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World Bank bars local firm

A power meter in Koh Kong province
A power meter in Koh Kong province. The World Bank has sanctioned Seng Enterprise after it was found to be engaging in corrupt practices. Heng Chivoan

World Bank bars local firm

A Cambodian construction company has been barred from participating in World Bank projects for three years after it emerged it had bribed officials to obtain a contract, a statement released on Wednesday revealed.

Seng Enterprise Co was sanctioned by the World Bank for “engag[ing] in corrupt practices” following an investigation from the global moneylender’s Integrity Vice Presidency (INT) unit, according to a World Bank press release.

“The company paid bribes to officials, on behalf of a consortium, in order to be awarded a World Bank-financed contract under the Rural Electrification and Transmission Project,” the statement said.
It remains unclear exactly when Seng Enterprise bid for the contract and how large it was.

Seng Enterprise’s CEO, Seng Chhay Our, referred questions to his daughter, who he said was currently running the company; she could not be reached as she was abroad.

The World Bank was unable to comment as of press time.

The World Bank-financed $67.82 million Rural Electrification and Transmission Project began in 2003 and was completed in 2012.

The project was intended to make electricity cheaper and more accessible to Cambodians in rural areas, and involved building power lines and installing solar panels throughout the Cambodian countryside.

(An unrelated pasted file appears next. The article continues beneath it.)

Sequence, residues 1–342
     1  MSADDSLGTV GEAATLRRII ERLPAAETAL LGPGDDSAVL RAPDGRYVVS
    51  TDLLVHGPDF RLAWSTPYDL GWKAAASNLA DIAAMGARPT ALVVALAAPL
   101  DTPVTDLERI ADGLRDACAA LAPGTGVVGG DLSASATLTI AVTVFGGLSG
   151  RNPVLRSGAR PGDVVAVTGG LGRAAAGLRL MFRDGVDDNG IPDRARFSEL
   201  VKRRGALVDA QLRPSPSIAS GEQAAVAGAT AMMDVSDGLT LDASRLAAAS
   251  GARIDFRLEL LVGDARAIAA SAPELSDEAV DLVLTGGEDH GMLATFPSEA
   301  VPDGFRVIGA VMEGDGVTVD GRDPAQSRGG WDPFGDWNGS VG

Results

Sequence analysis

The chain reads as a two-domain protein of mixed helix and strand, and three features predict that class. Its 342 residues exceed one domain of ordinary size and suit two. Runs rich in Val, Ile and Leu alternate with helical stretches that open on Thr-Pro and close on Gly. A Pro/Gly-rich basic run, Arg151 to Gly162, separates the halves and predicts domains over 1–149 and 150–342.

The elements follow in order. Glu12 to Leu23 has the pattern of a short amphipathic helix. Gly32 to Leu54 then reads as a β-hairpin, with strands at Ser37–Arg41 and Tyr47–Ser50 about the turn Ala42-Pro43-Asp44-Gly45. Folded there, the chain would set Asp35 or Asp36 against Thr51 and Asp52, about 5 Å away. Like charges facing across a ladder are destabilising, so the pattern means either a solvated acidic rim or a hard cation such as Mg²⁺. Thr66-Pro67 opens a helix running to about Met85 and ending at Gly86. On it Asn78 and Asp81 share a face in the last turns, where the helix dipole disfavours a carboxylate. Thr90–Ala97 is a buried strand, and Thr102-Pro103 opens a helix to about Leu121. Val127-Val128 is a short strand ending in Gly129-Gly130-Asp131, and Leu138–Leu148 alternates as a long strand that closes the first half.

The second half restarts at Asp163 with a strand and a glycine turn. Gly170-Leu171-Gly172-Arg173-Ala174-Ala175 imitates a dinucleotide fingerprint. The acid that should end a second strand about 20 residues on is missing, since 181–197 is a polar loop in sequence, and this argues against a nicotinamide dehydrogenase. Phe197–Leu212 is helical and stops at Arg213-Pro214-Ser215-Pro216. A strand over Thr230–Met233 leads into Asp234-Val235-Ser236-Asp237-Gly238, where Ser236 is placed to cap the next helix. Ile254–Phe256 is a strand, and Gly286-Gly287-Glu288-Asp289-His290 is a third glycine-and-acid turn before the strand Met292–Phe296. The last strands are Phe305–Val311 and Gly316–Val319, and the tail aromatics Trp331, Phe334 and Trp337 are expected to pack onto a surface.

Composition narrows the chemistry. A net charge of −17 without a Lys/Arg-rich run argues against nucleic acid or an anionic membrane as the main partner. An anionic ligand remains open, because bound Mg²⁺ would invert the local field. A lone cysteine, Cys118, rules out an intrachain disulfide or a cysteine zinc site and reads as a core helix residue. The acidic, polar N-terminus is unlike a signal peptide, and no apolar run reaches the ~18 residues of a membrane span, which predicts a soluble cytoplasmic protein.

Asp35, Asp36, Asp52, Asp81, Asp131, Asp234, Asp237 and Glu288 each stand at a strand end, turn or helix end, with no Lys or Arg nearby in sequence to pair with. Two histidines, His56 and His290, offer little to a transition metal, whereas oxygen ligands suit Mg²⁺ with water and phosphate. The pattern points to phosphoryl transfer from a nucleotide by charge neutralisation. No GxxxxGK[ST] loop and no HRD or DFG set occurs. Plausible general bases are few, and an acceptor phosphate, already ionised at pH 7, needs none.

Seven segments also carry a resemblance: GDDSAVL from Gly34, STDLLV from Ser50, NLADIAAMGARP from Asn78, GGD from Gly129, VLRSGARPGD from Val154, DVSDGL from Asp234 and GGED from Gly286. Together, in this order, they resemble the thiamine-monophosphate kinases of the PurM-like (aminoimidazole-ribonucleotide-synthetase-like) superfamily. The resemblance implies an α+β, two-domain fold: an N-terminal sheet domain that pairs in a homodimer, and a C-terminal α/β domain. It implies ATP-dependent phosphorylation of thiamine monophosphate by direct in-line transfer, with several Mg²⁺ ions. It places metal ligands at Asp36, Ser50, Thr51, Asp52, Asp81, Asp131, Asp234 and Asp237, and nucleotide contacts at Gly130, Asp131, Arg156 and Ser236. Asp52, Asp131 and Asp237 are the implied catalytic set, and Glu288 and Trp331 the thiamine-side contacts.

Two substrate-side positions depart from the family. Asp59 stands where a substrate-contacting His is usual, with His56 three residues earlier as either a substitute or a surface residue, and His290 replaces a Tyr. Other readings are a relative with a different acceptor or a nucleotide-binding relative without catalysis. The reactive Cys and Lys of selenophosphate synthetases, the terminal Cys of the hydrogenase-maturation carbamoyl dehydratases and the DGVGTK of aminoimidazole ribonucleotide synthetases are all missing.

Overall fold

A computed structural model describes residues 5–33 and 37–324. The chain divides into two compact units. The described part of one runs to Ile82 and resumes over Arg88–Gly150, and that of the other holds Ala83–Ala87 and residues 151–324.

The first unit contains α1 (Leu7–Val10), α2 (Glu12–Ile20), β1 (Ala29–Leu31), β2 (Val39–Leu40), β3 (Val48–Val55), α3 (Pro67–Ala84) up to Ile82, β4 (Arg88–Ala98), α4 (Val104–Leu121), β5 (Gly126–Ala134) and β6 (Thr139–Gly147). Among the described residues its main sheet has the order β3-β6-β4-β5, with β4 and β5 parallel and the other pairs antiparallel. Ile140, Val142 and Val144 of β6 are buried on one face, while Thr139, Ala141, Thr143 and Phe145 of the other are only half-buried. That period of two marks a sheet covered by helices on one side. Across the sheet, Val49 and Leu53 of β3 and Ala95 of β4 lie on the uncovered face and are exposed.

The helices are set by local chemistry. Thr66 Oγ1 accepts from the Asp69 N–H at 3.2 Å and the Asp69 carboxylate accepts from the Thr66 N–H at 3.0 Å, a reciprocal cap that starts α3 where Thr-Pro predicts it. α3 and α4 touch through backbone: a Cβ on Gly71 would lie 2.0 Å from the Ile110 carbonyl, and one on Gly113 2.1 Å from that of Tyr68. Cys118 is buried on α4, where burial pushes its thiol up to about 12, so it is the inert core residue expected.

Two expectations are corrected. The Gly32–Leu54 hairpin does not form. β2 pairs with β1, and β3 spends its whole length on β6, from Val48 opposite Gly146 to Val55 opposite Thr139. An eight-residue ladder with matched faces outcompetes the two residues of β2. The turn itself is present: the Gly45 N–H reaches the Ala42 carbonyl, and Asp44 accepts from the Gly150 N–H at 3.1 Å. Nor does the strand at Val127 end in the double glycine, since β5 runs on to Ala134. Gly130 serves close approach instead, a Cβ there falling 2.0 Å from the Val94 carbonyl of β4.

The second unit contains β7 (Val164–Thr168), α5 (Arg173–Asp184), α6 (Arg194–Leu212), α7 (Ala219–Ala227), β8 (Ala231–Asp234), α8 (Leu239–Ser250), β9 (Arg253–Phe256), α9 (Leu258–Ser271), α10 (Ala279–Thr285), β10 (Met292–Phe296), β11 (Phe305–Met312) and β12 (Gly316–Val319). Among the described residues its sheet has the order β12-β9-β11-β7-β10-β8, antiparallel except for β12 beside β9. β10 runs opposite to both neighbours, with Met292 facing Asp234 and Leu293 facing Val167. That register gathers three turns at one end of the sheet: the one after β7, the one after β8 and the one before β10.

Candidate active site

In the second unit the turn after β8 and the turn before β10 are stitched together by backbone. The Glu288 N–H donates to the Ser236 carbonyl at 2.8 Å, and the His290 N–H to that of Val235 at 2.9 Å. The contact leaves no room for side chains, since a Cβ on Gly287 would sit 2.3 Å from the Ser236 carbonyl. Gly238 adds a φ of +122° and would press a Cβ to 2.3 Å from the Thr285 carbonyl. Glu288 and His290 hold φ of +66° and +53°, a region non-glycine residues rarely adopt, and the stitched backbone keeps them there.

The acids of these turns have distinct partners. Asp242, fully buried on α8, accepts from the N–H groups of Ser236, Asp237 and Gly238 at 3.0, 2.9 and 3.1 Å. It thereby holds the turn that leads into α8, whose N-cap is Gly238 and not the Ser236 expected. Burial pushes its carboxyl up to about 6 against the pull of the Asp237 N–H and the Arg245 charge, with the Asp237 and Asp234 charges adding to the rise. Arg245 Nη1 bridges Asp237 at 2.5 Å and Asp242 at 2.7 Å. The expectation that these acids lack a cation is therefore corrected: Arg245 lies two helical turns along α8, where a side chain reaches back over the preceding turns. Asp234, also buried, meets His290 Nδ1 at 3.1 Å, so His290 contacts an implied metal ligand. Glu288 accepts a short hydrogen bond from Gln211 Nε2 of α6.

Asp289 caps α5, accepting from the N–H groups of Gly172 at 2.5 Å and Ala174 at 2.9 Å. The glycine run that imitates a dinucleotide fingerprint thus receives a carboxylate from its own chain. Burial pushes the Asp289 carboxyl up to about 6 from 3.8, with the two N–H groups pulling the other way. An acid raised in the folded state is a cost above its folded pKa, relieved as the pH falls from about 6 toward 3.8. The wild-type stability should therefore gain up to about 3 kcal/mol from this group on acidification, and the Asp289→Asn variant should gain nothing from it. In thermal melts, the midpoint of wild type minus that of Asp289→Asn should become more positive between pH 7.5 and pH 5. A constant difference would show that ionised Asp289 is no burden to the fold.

The World Bank only deemed it “moderately satisfactory” following its completion, however, as higher oil prices caused electricity rates to increase by the end of the project.

The project was also part of a previous procurement scandal in 2013.

In August 2013, the World Bank barred SNC-Lavalin Inc, a subsidiary of Canadian infrastructure company SNC-Lavalin, from participating in its contracts for ten years after bribery issues in Cambodia and Bangladesh.

The World Bank said SNC-Lavalin Inc had bribed officials to obtain a contract for the same Cambodian rural electricity project, reported to have been the construction of a $5 million energy management system for Electricite du Cambodge.

Preap Kol, executive director of Transparency International Cambodia, said public procurement corruption had a negative effect on foreign investment in the Kingdom.

“According to our consultation with businesses in Cambodia, this situation often deters companies, especially international companies, from bidding for a contract,” he said.

The Ministry of Mines and Energy, which was the World Bank’s implementing partner for the rural electricity project, did not return requests for comment from the Post.

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